For another one he's talking as if big business would stop influence peddling if government was smaller! Where does he even begin to get that from? It certainly isn't true in this country's past, robber barons were at their height during smaller federal governments.
 
  • #181
mheslep
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Do you know what Sarbanes-Oxley is? Is a a set of accounting rules to show that corporations have adequate controls in place to avoid disasters like Enron and WorldCom where employees and shareholders were defrauded out of millions of dollars. It's to prevent executives of a company from making money off of fraud. Usually it is the little guys that get hurt when there are no controls. Removing or modifying SOx would benefit big business.
)
Yes I know what it is, yes I agree its repeal would benefit big business. I have two objections to SOx. One, I don't know that SOx has been proven effective in doing what it says it does, preventing fraud. Perhaps it does, but it wouldn't be the first time a govt. regulation had little of its intended effect. Second, there is a cost imposed by compliance with SOx and it is not just paid for out of salary cuts to CEOs. A large number of Americans either directly own pieces of 'big' business or through their pension funds (e.g. http://en.wikipedia.org/wiki/CALPERS" [Broken], now $180B fund) and so are hit by those costs. Many Americans work for those big businesses and they can go elsewhere to escape SOx, or more likely it raises the costs for foreign business considering expanding to the US and hiring here. Now that said, until I see more I favor keeping SOx in place as I agree w/ your point about the Enron and Worldcom scandals, since SOx at least gives the impression that the company reports are accurate, which has its own value. I favor this not because I think Rep. Paul is a tool of big business. Thats a hoot.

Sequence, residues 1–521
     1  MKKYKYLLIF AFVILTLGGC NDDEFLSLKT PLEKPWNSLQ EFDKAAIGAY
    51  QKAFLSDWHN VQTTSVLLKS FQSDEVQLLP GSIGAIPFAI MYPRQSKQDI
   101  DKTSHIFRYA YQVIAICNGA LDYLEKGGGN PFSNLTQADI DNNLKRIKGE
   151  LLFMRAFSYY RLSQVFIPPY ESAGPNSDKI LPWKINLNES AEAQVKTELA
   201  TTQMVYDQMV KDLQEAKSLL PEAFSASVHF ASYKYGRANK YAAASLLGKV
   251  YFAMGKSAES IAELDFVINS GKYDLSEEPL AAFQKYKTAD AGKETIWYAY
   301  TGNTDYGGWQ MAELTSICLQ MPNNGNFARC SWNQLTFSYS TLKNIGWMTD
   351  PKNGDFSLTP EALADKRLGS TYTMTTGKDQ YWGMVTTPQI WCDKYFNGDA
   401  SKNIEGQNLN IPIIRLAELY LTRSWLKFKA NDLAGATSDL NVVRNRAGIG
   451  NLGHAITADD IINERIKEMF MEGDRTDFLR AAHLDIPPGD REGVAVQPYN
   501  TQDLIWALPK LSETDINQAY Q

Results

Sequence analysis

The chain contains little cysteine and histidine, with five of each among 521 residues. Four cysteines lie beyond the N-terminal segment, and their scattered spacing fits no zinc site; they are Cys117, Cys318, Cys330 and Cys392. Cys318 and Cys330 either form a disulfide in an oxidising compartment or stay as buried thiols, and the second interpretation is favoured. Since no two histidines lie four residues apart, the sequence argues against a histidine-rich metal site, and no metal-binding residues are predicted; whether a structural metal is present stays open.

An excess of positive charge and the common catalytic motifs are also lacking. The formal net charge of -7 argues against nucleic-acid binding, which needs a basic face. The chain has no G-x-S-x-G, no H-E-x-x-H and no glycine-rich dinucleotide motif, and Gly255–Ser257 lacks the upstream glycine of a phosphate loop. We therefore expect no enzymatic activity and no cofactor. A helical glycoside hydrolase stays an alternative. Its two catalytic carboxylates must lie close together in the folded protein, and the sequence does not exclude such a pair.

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  • #182
falc39
Either he is grossly uninformed or he's dishonest. Unless he hasn't read a newspaper in the last 10 years, he's dishonest.

It wasn't just Enron, Sarbanes was made into law after a number of corporate scandals which cost investors and employees billions of dollars. It was Tyco, WorldCom, Adelphia, and Pergrine Systems to name the largest.

Enron was the main one that the legislation was using to push the act. I don't think he is implying that there weren't any scandals before.

What the heck is he talking about here? The main problem with Enron was that they were concealing massive debt by moving it onto the books of subsidiaries, concealing it from the public and their own shareholders. Less government is not going to prevent things like that; I have difficulty seeing how less oversight could result in anything other than more problems like that. Really seems as though he's pushing his pet causes with disregard to reality here.

For another one he's talking as if big business would stop influence peddling if government was smaller! Where does he even begin to get that from? It certainly isn't true in this country's past, robber barons were at their height during smaller federal governments.

I believe he was referring to Enron and Cheney connection.